In earlier rock eras, a TV ad might have been considered a sellout, especially for a musician whose role models include Dylan and the Clash’s Joe Strummer. But the music business is different now, and Kingsley Flood decided to take the extra bit of buzz for its self-released album. The band never even tried to get signed by a record label.
“It seems like they don’t have the importance today that they used to have,’’ Khuri said. “We’re just trying to do it the old-fashioned way of doing good shows, shows people remember, and leaving it all onstage. I’m gonna awkwardly dance and I’m gonna sweat my [butt] off and give as much energy as humanly possible.’’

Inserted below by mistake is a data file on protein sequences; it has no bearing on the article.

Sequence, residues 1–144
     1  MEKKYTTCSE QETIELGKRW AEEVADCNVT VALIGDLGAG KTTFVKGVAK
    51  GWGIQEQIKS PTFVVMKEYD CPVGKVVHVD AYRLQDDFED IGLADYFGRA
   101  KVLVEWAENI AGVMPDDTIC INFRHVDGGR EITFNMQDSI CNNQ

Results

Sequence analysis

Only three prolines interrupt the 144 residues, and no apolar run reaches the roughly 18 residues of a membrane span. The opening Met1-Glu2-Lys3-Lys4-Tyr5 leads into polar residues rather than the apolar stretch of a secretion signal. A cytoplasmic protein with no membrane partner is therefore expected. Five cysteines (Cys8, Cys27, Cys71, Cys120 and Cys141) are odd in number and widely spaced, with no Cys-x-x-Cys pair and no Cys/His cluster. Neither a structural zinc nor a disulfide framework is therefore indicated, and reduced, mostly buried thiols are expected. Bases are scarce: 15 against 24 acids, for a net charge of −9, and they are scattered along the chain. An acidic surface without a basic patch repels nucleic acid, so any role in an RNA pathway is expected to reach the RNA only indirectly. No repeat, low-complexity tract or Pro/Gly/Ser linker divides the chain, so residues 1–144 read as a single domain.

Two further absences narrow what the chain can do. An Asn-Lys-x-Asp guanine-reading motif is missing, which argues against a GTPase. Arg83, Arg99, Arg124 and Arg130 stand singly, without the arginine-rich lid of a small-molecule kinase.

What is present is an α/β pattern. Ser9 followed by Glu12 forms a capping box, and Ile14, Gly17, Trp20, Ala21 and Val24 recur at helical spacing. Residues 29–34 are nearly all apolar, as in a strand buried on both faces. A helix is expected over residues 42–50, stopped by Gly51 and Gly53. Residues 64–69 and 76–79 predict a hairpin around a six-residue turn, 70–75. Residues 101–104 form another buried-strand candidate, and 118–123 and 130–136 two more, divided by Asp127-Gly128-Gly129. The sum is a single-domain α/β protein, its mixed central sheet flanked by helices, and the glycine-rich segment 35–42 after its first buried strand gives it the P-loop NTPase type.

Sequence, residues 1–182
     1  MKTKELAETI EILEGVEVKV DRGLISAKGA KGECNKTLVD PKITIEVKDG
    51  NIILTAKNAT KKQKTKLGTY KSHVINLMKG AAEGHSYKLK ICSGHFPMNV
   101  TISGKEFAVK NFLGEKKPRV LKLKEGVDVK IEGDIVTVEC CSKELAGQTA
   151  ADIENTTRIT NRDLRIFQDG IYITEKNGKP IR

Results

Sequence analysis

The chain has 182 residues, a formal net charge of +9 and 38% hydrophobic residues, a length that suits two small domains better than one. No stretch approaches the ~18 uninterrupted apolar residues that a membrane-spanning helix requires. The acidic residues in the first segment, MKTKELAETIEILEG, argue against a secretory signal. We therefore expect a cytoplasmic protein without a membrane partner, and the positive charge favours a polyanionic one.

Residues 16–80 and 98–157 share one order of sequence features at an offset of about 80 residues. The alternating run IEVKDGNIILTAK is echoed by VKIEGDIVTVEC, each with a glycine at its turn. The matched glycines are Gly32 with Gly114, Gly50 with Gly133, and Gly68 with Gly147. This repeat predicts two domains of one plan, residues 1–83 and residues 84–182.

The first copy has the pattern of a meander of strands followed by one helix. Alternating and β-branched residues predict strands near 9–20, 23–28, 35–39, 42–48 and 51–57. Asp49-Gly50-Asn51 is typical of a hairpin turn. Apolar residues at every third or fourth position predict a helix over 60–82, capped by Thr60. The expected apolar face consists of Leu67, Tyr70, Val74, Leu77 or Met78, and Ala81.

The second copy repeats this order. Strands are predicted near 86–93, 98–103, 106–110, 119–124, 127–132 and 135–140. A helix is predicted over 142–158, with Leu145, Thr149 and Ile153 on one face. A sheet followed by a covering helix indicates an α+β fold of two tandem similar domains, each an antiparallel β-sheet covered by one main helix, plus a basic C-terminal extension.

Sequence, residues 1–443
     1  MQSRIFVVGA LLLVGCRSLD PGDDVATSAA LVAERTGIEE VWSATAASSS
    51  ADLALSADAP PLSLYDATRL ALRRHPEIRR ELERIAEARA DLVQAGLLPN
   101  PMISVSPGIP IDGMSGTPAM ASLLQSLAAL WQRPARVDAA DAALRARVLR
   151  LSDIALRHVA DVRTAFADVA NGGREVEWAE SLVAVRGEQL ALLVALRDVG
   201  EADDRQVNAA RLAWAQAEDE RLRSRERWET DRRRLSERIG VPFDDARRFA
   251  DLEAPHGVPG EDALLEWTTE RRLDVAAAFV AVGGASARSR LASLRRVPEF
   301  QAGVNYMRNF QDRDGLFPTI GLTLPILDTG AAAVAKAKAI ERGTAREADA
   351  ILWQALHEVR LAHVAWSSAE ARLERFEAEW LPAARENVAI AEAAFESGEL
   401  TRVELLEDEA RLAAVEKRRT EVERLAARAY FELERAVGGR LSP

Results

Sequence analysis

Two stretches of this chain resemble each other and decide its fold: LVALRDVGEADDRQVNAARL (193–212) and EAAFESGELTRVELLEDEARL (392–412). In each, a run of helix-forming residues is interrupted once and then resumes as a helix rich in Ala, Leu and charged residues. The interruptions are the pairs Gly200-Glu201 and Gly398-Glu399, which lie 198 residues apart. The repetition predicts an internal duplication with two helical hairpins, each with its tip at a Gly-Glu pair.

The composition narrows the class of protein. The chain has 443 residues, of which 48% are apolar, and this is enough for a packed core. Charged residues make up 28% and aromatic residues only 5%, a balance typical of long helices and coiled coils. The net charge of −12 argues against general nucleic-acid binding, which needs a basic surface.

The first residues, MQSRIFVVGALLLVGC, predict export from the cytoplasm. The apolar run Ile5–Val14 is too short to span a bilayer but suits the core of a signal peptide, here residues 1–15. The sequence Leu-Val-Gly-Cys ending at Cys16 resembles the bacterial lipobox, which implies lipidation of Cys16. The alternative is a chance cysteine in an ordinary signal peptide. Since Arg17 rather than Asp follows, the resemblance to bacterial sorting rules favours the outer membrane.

Khuri’s family roots are Palestinian and Christian; his parents grew up mostly in Beirut and came to the United States in 1972 when his father was offered a fellowship. Conflict in the Mideast and his father’s career as a heart surgeon kept them here, except for occasional visits back. Khuri said he had a typical suburban teen’s life of baseball and rock ’n’ roll: “The only differ ence was I had a funny name.’’
In fact, he’s not the first Khuri with a fondness for Western vernacular music. His father, who died two years ago, “had this weird obsession with Irish music’’ and classic American folk. One of Khuri’s favorite memories is attending one of Bruce Springsteen’s “Seeger Sessions’’ concerts with his father, where they both knew all the songs.